It was in A.D. 321 that a priest from Alexandria, Egypt, by the name of Arius disputed the divinity of Jesus Christ. From this dispute and the subsequent argument with another priest, Athanasius, came a debate over the nature of Christ that led to the adoption of the Trinity. Through the work of Athanasius and the subsequent additions to his work by the three “Cappadocian fathers” (Basil, bishop of Caesarea; Gregory of Nyssa; and Gregory of Nazianzus), the Trinity was made the official teaching of the Roman Church in A.D. 381 at the Council of Constantinople.
The fourth-century debate became political and divided the Catholic Church into two camps: those who followed Arius and those who believed in the Trinity. The Catholic Church’s final decision to accept the Trinity was not based in Scripture but in politics.
Rather than depending on church politics and ecumenical councils, we must ask, What does the Bible say? The Bible does clearly tell us Christ was divine. But most theologians agree that there is no real evidence to support the idea of a triune godhead in the Old Testament. And some scholars will acknowledge that there simply isn’t enough evidence in the New Testament to establish the personhood of the Holy Spirit. Of course, others disagree, but the Bible must be our guide.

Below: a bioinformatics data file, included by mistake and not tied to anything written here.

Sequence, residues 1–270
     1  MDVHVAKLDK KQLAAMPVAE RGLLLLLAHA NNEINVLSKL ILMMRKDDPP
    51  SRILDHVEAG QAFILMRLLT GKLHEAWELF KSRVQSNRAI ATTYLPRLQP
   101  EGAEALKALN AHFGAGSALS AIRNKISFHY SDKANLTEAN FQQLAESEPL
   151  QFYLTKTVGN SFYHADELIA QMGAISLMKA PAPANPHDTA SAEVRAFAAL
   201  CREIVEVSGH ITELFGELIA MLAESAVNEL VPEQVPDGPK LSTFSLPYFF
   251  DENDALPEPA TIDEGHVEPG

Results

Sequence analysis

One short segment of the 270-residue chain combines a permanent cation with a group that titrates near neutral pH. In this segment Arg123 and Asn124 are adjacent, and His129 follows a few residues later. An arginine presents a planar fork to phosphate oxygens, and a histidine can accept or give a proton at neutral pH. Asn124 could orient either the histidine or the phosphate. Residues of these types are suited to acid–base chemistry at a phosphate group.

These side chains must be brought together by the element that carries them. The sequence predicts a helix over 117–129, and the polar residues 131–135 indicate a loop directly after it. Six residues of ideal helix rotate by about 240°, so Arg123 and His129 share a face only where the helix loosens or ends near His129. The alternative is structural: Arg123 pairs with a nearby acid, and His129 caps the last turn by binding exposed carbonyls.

Acts 5: lying to God?
Acts 5 is often used as a proof that the Holy Spirit is the third person of the Godhead.
In this chapter we find the story of a husband and wife, Ananias and Sapphira, two members of the New Testament Church. Many early Church members were very generous and sold some of their possessions to support the gospel message. Ananias and Sapphira did too, but they held back part of the price of the sale of their property. This would have been perfectly fine, according to the apostle Peter, but there was just one problem. They lied and said they had given it all!